In the late 2000s, Eric Marsh (Josh Brolin) is a seasoned member of the Prescott, Arizona fire department seeking to turn his team into being a hotshot crew: an elite status awarded to firefighters who specialize in on the ground wildfire suppression tactics. However, because he and his crew are part of a municipal department and not a federal unit, the odds are stacked against Marsh achieving his goal. This only puts additional stress on Marsh’s relationship with his wife Amanda (Jennifer Connelly); leading him to spend even longer hours working what is already a dangerous and emotionally-draining job, for both the firefighters and their loved ones.
Before his crew undergoes their hotshot exam, Marsh adds some fresh recruits to help beef up their ranks. Among the new additions is one Brendan McDonough (Miles Teller): a young screwup who is looking to leave his drug-fueled life of misbehavior behind him, now that he (unexpectedly) has become a father. Under Marsh’s watchful eye, Brendan and his more accomplished peers overcome the initial friction between them and form an impressive team of firefighters – known as the Granite Mountain Hotshots – that go on to battle some of the most destructive wildfires that the U.S. has ever seen.
A true story-inspired drama (one that was originally went under the working title Granite Mountain), Only the Brave is the third feature-length effort from director Joseph Kosinski; who is working outside the science-fiction genre for the first time here. Trading in the complicated world-building, fantastical mythos, and shiny visuals of his previous films, Kosinski delivers a more grounded tale about real-life bravery and brotherhood here. The final film result is not without its flaws, but its virtues by and large outweigh its shortcomings. Only the Brave makes for a straightforward, but meaningful salute to real-world heroism, thanks to its strong performances and sturdy direction.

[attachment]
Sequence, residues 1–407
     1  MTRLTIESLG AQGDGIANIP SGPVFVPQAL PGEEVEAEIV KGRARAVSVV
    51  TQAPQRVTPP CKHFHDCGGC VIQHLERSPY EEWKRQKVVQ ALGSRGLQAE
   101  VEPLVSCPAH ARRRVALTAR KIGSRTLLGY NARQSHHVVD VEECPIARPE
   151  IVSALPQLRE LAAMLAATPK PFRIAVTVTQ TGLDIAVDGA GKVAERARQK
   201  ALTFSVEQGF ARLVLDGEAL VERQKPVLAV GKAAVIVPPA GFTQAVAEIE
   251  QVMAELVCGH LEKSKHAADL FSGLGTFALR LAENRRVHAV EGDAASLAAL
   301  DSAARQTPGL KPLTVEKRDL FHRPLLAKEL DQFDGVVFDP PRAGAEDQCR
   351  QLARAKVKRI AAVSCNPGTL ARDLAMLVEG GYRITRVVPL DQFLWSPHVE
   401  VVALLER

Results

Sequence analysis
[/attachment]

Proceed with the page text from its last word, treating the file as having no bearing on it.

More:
Written by Ken Nolan (Black Hawk Down) and Eric Warren Singer (American Hustle), and based in part on Sean Flynn’s 2013 GQ article “No Exit”, Only the Brave explores themes about fatherhood and relationships similar to those examined by Kosinski’s previous movies; albeit, without any science-fiction metaphors this time around. Only the Brave successfully examines these issues through the messy personal lives of the Granite Mountain Hotshots; making their experiences meaningful within the context of the movie’s narrative, all connections to real-world events aside. At the same time, the film falls short of bringing deeper layers of meaning to its story and only skims the surface of certain issues that it raises (in particular, the subjects of addiction and addictive behavior). For these reasons, Only the Brave amounts to a respectful, but on the whole formulaic, dramatization of actual events.